Vulgar trash or provocative art?
Honestly, this is probably the most negative review you’ll read of Serfs Up!, the new album from English rockers Fat White Family. The critical consensus has been overwhelmingly positive, as many seem to agree that the band, often known for shocking and incendiary lyricism, have refined their rougher edges and found the perfect balance.
And in some ways, it’s true. Compared to their earlier work such as “Touch The Leather” and “Whitest Boy On The Beach,” Serfs Up! certainly feels mild by comparison. But to a first-time listener, Fat White Family’s often uncomfortable social views are thinly veiled and ever-present. One could argue Serfs Up! loses on both ends in this regard: it’s still often inaccessible for newcomers, while hardcore fans may feel like the band is compromising their identity in an attempt to appeal to those newcomers.
This conundrum is apparent right from the get-go. The album opener “Feet” is patently eerie and unsettling. But the use of a particular racial slur for the sake of shock value or illustrating a point (or both) is simply inexcusable. To call a band that feels compelled to use that word “cultured” certainly feels wrong.
On the other hand, there are moments of genuine, mesmerizing brilliance on Serfs Up! “Kim’s Sunsets” offers layered and dynamic instrumentation. Headlined by a catchy melody, layers of backup vocals and synth noise, this song shows what Fat White Family are capable of at their best. And the lyrics are more than a shallow attempt at shock value. Take the second verse, for example: “Heavenly dams hold up the sky/ Faces lit up with immortal smiles/ Under Paektu, an ocean of pride/ How it goes, so it goes/ Kim’s sunsets”
Fat White Family even manage to top “Kim’s Sunsets” on “Tastes Good With The Money.” With an operatic opening akin to the Halo theme music, it’s hard not to expect something epic to follow. They deliver with a simple but biting guitar riff behind a simple, slinking rhythm and subtle bass lines that gives the song an air of mystery and a hint of deviousness. The band refocuses their often uncomfortable social commentary with a more economic bent, and the result is fantastic. A deep, chilling voice monologues during the bridge: “There’s ash in your latte/ As you slip into something dangerous/ Dipping into a tear-shaped swimming pool/ The lobster red blood of the apocalypse/ Eyebrows trimmed/ Gotta fathom your own legacy/ Slimming shakes/ Bathing on the right side of surprises/ And a big mushroom cloud/ For the middle classes/ Leaves a beautiful shape/ For you to project your fears onto”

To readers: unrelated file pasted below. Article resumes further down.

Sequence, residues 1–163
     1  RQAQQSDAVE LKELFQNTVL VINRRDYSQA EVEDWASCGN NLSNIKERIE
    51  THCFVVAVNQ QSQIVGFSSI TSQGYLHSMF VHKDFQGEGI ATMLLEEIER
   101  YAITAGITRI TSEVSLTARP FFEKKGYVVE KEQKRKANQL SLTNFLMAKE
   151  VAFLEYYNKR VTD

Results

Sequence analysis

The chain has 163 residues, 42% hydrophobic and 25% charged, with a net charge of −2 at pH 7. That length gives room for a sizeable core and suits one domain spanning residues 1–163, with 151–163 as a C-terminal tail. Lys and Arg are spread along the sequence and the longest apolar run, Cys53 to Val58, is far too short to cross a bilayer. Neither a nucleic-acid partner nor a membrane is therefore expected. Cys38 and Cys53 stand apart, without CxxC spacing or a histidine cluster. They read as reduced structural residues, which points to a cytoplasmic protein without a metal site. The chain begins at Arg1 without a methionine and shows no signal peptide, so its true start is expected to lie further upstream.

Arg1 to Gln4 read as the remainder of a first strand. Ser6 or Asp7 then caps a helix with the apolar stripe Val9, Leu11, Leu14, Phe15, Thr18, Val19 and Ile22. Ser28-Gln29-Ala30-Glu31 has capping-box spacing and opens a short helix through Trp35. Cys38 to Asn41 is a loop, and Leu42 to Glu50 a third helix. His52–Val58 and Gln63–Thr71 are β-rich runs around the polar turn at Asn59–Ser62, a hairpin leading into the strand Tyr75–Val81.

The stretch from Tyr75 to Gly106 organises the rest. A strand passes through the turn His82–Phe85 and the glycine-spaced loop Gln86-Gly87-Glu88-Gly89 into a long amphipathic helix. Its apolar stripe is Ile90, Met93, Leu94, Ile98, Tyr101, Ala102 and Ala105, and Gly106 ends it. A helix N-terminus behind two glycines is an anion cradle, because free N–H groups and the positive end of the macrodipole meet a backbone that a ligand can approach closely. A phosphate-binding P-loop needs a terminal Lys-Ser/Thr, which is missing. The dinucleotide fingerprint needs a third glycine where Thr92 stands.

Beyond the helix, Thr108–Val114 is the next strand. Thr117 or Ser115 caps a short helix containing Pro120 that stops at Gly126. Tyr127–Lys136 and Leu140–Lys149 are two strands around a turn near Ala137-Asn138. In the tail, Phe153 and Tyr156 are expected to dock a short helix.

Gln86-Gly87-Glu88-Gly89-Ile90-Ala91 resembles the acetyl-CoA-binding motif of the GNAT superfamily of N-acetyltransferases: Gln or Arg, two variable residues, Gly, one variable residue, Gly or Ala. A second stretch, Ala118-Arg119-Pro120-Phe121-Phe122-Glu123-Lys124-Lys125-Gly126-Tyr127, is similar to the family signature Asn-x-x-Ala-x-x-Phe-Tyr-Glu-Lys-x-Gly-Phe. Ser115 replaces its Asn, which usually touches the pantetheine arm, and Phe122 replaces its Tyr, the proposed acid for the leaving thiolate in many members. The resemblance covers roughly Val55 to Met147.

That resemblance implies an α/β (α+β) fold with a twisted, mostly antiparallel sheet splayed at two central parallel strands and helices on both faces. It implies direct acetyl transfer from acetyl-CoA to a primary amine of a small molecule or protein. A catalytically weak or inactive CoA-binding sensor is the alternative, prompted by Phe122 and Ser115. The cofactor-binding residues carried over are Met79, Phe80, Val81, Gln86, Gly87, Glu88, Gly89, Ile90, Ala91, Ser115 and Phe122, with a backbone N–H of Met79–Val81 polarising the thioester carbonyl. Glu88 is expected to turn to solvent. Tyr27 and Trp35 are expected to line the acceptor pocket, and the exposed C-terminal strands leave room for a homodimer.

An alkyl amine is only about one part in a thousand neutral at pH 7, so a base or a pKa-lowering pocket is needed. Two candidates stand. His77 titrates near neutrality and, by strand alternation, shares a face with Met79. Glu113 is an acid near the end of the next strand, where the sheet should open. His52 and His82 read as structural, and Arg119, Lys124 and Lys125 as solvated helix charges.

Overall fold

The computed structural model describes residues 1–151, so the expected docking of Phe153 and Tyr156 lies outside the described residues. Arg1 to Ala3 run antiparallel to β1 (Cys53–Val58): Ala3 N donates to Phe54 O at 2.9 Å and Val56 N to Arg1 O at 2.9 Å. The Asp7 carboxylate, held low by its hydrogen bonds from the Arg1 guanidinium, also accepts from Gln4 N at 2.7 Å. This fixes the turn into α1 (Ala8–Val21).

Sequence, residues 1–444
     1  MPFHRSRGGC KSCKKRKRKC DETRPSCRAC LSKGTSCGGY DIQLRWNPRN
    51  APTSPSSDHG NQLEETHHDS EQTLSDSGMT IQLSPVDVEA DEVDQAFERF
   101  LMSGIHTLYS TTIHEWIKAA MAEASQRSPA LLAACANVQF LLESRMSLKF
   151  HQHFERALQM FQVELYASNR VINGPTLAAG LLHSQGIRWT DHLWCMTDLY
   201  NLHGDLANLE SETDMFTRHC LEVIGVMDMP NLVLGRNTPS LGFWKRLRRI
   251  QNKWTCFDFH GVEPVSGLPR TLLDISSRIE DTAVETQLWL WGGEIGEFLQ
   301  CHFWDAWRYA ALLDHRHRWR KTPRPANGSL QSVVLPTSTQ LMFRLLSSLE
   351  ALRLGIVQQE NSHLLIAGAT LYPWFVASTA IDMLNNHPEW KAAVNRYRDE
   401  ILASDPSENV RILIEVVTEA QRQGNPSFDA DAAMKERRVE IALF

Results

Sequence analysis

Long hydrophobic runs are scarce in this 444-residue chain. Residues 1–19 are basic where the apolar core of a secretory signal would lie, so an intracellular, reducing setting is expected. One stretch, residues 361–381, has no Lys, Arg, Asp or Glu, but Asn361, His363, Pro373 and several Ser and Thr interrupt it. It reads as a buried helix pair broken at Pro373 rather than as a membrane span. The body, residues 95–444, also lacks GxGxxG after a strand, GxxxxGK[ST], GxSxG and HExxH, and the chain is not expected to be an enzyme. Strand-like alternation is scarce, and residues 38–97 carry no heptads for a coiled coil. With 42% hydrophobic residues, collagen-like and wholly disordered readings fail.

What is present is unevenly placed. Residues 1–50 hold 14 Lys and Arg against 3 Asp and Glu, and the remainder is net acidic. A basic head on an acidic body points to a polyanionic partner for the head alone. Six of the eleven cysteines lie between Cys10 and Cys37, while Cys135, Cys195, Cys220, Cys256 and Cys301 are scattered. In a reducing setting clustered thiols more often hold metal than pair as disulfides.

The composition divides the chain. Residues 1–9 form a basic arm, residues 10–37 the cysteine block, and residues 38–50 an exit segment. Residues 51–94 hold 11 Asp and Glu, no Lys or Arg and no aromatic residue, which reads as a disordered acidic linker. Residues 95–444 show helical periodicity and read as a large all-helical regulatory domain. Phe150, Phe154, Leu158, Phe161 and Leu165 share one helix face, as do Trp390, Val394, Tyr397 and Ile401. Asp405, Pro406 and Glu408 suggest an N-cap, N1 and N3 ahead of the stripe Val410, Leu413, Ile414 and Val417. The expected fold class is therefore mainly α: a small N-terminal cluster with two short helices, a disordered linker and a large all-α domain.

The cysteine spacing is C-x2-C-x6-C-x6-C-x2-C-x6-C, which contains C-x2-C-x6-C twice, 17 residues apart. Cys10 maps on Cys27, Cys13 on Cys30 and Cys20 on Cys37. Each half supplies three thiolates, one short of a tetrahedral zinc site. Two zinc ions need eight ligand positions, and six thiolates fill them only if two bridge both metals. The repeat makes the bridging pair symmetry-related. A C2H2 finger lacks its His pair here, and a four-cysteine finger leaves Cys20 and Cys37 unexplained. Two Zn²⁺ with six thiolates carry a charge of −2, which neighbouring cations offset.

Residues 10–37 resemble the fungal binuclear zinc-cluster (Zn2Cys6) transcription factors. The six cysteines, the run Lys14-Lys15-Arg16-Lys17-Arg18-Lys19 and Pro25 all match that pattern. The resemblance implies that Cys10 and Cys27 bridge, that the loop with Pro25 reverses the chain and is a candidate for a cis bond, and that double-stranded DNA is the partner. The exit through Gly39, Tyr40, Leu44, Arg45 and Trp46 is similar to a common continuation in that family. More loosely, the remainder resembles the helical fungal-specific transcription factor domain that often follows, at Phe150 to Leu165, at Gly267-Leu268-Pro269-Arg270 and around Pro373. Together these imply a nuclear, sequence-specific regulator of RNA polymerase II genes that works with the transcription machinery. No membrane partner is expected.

At long last, it feels like Fat White Family truly put it all together, even more than “Kim’s Sunsets.” This is the best track on the album, and it makes it easy to see what others find great about this record. However, it doesn’t negate the problems of Serfs Up!
The album’s concluding track, “Bobby’s Boyfriend” toes the line between these two extremes. This song sounds like a nightmare embodied, as its sickening repetition and slight dissonance make it sound like the descent into madness put to music. The band’s ability to masterfully paint such a powerful and vivid image speaks to their creative abilities when at their best. And the song—along with Serfs Up!—concludes in fitting fashion with the refrain, “Bobby’s boyfriend is a prostitute.”
In some ways, this delicate balance is what makes Fat White Family so spellbinding. When listening to one of their songs for the first time, you have no idea if you’re in for brilliant poetry that will stop you dead in your tracks and make you think, or something so unnecessarily off-putting and cringe-worthy that you wonder why you’re listening at all.
In this regard, Fat White Family haven’t lost their identity, but rather refined it as many critics have suggested. Their songs intend to make listeners uncomfortable, and they succeed time and again. But this provocative nature is a double-edged sword, often crossing the line into offensive, disturbing territory. Serfs Up! is an overall worthwhile listen, but do so at your own risk.